Due to precautions related to COVID-19, we have expanded our options for remote consultations. Please contact our office to discuss whether a full phone consultation or video conference is appropriate for your situation.

Garner & Arnic Logo

A Social Security Disability & Bankruptcy Law Firm

The truth about mental illness and SSDI benefits
  1. Home
  2.  » 
  3. SSDI
  4.  » The truth about mental illness and SSDI benefits

The truth about mental illness and SSDI benefits

On Behalf of | Mar 25, 2021 | SSDI

Many disabilities are plainly visible, but not all of them. There are thousands of people in Houston with no physical limitations but mental conditions that profoundly affect their lives.

Until recent decades, society treated mental illness as something to be ashamed of and kept secret. We now recognize that mental conditions like depression, bipolar disorder, anxiety and post-traumatic stress disorder are disabilities just like cerebral palsy, tetraplegia and Parkinson’s disease. Medication and other treatment options help millions of Americans manage their condition and lead fulfilling lives.

Unfortunately, not everyone with a mental health condition is currently able to work. They may be struggling to find a medication that works for them, or their symptoms may be too severe to let them work full-time anymore. Houstonians in this situation may qualify for Social Security Disability Insurance (SSDI) to help make up for the lost income.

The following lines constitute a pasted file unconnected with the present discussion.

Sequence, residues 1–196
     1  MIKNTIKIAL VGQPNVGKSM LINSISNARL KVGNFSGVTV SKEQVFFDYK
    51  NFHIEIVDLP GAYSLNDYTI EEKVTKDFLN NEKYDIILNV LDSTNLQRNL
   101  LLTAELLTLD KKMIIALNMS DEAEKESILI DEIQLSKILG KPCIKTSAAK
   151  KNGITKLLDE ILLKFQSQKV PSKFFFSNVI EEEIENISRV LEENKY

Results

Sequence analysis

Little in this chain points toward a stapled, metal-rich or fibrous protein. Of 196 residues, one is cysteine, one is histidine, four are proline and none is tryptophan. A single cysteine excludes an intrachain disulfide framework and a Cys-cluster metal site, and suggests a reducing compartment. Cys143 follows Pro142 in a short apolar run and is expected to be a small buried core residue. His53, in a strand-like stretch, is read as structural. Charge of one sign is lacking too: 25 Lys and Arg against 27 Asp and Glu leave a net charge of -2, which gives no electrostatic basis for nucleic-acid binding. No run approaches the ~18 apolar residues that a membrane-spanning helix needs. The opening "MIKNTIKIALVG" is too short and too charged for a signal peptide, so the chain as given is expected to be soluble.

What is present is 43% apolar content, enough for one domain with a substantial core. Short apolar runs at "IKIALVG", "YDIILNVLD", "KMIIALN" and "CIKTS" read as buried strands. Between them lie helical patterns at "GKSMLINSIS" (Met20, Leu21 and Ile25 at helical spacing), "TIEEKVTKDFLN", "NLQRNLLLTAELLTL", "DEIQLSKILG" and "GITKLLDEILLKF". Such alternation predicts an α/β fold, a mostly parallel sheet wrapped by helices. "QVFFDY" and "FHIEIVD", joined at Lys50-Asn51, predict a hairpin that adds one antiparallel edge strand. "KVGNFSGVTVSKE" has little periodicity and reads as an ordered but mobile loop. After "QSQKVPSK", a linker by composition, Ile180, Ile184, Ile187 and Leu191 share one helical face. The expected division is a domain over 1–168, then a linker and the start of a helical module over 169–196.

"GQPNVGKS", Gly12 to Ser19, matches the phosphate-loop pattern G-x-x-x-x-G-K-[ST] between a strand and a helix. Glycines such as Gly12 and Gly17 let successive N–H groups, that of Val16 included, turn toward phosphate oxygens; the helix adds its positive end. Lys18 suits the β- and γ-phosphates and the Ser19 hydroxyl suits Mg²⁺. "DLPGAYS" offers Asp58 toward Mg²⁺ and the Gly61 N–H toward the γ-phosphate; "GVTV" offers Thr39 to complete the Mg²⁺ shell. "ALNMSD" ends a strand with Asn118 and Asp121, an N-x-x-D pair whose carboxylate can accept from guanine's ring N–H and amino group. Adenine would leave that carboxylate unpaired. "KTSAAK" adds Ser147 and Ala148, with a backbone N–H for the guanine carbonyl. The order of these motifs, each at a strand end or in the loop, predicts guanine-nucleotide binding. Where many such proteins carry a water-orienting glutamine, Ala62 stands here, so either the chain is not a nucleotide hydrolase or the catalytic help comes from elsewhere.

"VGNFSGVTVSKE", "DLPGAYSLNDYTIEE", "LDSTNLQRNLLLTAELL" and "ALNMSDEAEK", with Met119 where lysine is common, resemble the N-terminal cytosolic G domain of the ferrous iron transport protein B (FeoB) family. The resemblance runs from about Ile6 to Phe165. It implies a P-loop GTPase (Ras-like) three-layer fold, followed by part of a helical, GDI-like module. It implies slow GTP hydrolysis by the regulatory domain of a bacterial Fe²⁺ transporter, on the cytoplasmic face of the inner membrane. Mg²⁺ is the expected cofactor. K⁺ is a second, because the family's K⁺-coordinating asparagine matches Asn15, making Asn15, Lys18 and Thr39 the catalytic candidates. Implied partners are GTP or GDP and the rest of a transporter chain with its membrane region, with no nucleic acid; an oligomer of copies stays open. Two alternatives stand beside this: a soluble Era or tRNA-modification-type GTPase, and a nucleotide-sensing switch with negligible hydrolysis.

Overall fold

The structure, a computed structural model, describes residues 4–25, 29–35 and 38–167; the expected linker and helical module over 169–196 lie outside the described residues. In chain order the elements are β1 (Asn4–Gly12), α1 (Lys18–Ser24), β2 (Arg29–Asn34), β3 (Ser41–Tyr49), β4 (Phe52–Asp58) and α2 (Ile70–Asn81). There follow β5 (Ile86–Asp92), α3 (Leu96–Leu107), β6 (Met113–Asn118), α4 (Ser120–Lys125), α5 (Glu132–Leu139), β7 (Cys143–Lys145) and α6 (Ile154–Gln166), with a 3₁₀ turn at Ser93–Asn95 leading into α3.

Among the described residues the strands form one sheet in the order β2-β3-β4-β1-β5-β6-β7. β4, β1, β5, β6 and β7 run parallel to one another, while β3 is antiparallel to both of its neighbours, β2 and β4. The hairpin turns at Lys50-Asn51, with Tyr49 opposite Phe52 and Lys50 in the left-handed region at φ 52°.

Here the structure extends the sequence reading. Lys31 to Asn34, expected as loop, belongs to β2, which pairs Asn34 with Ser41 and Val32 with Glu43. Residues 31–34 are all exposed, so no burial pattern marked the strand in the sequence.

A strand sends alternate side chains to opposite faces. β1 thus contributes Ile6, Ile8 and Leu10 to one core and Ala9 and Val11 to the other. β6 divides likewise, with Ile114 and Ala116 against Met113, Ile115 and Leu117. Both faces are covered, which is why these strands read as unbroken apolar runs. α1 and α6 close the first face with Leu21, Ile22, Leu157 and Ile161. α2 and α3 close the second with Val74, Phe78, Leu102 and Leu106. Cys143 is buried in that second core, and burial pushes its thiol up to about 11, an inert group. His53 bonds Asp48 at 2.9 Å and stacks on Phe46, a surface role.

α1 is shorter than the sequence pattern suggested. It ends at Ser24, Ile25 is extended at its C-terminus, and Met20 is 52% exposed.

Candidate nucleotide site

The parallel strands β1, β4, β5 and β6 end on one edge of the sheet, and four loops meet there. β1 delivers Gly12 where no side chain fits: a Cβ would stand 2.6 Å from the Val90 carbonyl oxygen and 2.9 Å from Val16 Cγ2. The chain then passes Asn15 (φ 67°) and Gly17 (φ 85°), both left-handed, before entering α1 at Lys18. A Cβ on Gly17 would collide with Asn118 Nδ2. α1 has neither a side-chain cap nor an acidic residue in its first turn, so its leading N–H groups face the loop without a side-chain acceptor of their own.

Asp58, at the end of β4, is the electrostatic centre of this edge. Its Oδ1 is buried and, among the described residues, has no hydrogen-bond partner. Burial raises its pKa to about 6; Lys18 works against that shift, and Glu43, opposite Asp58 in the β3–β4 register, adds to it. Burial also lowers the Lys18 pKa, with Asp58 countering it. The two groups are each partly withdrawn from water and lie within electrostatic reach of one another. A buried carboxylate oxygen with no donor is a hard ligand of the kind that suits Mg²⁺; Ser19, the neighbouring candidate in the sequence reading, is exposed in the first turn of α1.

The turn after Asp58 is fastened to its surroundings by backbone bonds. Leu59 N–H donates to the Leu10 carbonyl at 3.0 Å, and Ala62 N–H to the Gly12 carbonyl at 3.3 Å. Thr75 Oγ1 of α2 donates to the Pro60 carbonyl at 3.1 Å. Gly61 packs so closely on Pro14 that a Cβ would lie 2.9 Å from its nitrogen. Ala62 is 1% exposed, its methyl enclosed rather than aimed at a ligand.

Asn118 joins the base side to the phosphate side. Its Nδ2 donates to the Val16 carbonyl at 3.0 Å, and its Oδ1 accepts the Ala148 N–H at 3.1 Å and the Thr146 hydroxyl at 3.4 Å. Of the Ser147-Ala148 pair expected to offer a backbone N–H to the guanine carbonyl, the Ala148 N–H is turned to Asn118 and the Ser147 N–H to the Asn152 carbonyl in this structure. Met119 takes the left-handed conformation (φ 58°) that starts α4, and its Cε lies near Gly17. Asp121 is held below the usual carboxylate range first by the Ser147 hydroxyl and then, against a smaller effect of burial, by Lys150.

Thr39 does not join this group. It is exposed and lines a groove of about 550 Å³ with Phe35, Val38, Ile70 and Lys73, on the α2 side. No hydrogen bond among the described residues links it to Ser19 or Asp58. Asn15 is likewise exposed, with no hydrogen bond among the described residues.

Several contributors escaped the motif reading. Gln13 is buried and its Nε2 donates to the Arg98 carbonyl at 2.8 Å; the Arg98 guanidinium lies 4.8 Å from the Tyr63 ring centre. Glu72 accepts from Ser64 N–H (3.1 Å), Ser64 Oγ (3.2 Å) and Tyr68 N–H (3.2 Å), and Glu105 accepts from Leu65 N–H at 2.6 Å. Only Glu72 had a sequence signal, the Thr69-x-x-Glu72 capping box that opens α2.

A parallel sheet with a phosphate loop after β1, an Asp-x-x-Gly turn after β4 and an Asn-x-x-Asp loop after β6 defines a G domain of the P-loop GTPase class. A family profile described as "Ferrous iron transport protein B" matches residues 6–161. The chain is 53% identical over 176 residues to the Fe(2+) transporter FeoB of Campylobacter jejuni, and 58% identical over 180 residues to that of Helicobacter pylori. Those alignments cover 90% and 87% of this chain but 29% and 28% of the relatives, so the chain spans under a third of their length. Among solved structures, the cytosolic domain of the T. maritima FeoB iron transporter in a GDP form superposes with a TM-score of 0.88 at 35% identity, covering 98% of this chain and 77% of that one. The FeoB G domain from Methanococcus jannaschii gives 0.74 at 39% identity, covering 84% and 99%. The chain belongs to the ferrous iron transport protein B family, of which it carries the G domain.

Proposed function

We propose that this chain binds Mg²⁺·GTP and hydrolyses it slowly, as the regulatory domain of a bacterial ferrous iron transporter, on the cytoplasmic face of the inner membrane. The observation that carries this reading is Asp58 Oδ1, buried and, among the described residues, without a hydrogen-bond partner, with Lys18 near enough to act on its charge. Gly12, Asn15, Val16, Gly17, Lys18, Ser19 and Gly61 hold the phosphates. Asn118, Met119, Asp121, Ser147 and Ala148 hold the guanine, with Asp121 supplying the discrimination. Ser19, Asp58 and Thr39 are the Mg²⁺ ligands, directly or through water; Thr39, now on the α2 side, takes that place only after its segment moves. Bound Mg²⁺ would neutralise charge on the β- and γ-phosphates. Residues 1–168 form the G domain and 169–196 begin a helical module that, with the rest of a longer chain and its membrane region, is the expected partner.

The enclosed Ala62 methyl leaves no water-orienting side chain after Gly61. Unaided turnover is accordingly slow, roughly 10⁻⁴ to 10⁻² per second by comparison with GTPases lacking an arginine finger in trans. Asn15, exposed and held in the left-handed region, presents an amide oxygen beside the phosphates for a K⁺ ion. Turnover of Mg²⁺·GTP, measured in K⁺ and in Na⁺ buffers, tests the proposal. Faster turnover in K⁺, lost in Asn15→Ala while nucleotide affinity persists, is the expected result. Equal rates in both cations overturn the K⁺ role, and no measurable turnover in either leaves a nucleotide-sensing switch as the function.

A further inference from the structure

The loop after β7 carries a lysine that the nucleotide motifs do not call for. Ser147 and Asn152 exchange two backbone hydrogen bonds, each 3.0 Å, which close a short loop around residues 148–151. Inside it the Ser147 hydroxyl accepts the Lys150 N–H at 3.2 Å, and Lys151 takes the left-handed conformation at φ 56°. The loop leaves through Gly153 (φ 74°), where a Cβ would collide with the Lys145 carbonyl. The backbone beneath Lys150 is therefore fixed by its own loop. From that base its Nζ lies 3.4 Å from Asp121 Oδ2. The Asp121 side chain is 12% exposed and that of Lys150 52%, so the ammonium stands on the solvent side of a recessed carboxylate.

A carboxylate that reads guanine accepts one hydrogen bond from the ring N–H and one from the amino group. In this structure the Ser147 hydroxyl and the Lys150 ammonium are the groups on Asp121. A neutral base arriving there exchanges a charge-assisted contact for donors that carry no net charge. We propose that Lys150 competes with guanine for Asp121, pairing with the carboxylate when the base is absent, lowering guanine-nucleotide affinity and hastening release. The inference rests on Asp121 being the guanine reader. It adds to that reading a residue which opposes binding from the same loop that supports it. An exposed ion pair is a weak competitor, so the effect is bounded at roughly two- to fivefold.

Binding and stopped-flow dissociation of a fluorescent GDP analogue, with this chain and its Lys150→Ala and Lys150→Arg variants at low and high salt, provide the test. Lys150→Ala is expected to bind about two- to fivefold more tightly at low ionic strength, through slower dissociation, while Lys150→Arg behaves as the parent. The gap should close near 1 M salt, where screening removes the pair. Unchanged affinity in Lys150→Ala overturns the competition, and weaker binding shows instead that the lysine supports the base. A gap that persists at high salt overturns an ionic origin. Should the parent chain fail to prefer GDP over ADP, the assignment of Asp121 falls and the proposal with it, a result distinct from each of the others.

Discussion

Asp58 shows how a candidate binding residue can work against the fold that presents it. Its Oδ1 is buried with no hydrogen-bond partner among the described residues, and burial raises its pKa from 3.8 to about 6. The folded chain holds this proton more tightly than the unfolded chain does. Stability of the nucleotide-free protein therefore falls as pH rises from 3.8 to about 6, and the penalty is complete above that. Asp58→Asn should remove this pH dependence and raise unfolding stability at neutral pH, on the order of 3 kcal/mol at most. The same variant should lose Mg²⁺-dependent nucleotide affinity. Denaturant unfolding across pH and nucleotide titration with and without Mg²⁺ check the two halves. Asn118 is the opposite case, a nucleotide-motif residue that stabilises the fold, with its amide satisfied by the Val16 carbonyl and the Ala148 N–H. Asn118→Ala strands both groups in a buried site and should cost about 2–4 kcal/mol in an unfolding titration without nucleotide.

Who is eligible for SSDI based on a mental health condition?

Eligibility for SSDI benefits is based in part on the applicant’s age and work history. The older you are when you apply, the more years of work you must have performed. For example, a 30-year-old must have worked full-time for at least two years, while a 42-year-old applicant must have at least five years of work experience to qualify.

Besides that, you must prove that your condition:

  • Has lasted for at least one year
  • Is expected to last for at least one year into the future
  • Is severe enough to prevent you from doing your job or any other job

This is not easy. SSDI case reviewers for the Social Security Administration reject most initial applications. Fortunately, applicants have a series of appeals available to them to have their case reconsidered. An experienced SSDI attorney will know the strategies available to make the extent of your disability more clear to the SSA.